There are several different types of surgeries performed for the treatment of pelvic organ prolapse (POP). The kind of surgery used is dependent on the type of prolapse (bladder, womb or end of vagina, uterine, or bowel). Sometimes, when the patient is experiencing stress urinary incontinence, the surgeon can perform an anti-incontinence surgery, (most likely a loose sling under the neck of the bladder) during the prolapse surgery for treatment of stress urinary incontinence.
There are two main categories of surgery for prolapse: obliterate and reconstructive. In obliterate surgery the vaginal opening is closed completely. While this surgery is less invasive than reconstructive, there is no possibility of intercourse following obliterate surgery. It is done in women who are at surgical risk of complications from the anesthetic or the surgical procedure. Reconstructive surgery, which is much more commonly performed than obliterative surgery, is a longer and more invasive procedure, but the goal is to restore the anatomy, resolve the stress incontinence if present and allow for future intercourse.
Who Is a Candidate for this Surgery?
Surgery is performed on women experiencing pelvic organ prolapse, which is often the result of pregnancy and/or childbirth. Any surgery for pelvic organ prolapse is considered major surgery, and the decision should not be taken lightly. Depending on the degree to which you are experiencing prolapse, your health care provider may desire to start with a less-invasive treatment first, such as pelvic floor exercises, biofeedback, and/or use of a pessary (a supportive device for the vagina).
Reasons for Considering Surgery
In severe cases of prolapse, surgery may be the only way to find relief from pelvic discomfort and stress incontinence.
In almost all cases, a skilled surgeon can usually perform reconstructive surgery that will allow for normal sexual function following the recovery period.
Things to Consider Prior to Having Pelvic Organ Prolapse Surgery
- A few women may need to have the surgery repeated later in life, especially for women who had their initial surgery done at a relatively young age.
- The surgery usually requires general anesthesia and an overnight hospital stay for up to two nights.
- The recovery period after the surgery generally requires no heavy lifting for approximately six to twelve weeks.
- While surgery can fix pelvic organ prolapse, it may not always fix all types of urinary incontinence. This surgery is not intended to resolve urge urinary incontinence.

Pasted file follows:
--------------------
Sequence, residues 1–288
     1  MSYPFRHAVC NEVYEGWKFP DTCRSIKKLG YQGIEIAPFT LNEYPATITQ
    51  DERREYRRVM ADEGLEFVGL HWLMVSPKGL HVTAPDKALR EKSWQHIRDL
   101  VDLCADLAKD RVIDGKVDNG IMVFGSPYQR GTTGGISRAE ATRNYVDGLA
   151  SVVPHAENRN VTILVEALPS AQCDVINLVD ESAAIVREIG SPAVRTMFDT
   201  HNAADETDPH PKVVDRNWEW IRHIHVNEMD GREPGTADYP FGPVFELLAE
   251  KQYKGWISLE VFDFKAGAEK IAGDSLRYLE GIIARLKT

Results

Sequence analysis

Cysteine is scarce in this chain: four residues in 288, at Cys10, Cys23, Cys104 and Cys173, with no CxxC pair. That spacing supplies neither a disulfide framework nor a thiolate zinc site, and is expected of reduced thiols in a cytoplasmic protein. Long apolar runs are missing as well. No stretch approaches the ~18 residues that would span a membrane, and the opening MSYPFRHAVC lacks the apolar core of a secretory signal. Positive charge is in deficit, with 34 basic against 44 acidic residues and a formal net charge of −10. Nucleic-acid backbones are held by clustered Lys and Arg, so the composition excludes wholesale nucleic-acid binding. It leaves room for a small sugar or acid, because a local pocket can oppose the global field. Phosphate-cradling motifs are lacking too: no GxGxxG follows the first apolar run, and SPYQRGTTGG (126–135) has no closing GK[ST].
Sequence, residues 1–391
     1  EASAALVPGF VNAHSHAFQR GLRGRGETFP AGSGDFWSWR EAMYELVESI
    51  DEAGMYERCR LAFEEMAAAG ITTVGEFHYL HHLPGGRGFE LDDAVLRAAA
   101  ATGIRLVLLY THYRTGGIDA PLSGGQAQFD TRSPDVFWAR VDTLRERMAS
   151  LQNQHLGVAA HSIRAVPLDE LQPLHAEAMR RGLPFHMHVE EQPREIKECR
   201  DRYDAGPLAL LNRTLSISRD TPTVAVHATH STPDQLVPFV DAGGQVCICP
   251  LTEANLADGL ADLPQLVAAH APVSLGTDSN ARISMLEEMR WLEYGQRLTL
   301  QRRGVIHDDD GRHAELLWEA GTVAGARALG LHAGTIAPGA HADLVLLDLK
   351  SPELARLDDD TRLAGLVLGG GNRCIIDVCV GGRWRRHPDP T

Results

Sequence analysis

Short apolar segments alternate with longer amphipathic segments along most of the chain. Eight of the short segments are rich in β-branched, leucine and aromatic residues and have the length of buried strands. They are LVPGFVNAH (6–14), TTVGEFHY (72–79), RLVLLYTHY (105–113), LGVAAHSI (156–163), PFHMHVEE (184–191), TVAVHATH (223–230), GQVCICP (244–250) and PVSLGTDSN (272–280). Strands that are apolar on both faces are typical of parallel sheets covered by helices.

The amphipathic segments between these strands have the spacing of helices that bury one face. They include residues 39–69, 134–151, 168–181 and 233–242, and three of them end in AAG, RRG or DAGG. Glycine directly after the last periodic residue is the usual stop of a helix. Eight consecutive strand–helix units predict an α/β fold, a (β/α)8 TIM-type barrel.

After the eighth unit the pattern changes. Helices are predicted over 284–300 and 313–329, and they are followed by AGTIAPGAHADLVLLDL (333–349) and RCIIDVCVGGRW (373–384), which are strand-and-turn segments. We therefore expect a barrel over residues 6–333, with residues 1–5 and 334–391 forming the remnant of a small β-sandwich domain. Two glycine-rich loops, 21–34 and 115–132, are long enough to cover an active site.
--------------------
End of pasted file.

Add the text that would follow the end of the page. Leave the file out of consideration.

- In rare cases the surgery can contribute to urinary retention from too tight of a sling. This can be corrected in a surgical procedure with local anesthetic and a few hours in the hospital.
- The FDA provides very important information on the use of mesh in POP surgery. Access the latest information here.
Medical Reviewer: Karen Sasso, MSN, RN, APN, CCCN
Ms. Sasso, is the Program Manager and Urogynecology Clinical Nurse Specialist at the Evanston Continence Center at NorthShore University HealthSystem in Evanston , Illinois. Her clinical practice involves the evaluation and treatment of women with urinary incontinence, voiding dysfunction, and pelvic floor disorders. She has extensive experience in clinical research for the treatment of women with stress urinary incontinence, detrusor overactivity and genital prolapse. A regular contributor to the medical press, Ms. Sasso has authored and coauthored a number of articles on female urinary incontinence, genital prolapse and treatment options. Her work has appeared in such journals as Obstetrics and Gynecology, Urologic Nursing, RN, and Wound, Ostomy and Continence Nursing. She has also coauthored a book chapter published in Textbook of Female Urology and Urogynecology. She has presented at numerous symposia within the United States and abroad including the 29th Annual Scientific Meeting of the American Urogynecologic Society in Chicago, Illinois, the Society of Urologic Nurses and Associates Annual Symposium: Disorders of the Bowel, Bladder and Pelvic Floor in New York, NY and the 21st and 25th International Uro-gynecological Association Conferences in Rome, Italy and Vienna, Austria. She is also a reviewer for the journal Urologic Nursing, a committee member for the Wound, Ostomy and Continence Nursing Certification Board and a Project Advisory Council member for the National Association for Continence. She is certified by the Wound, Ostomy and Continence Nursing Certification Board as a Certified Continence Care Nurse (CCCN) and licensed in the State of Illinois as an Advanced Practice Nurse. Ms. Sasso is a member of the Society of Urologic Nurses and Associates; the American Urogynecologic Society; the Wound, Ostomy and Continence Nurses Society; and the International Urogynecological Association. She was presented with the 2004 Continence Care Champion Award by the National Association for Continence and the Urologic Nursing Journal’s 2006-2007 Literary Excellence Award.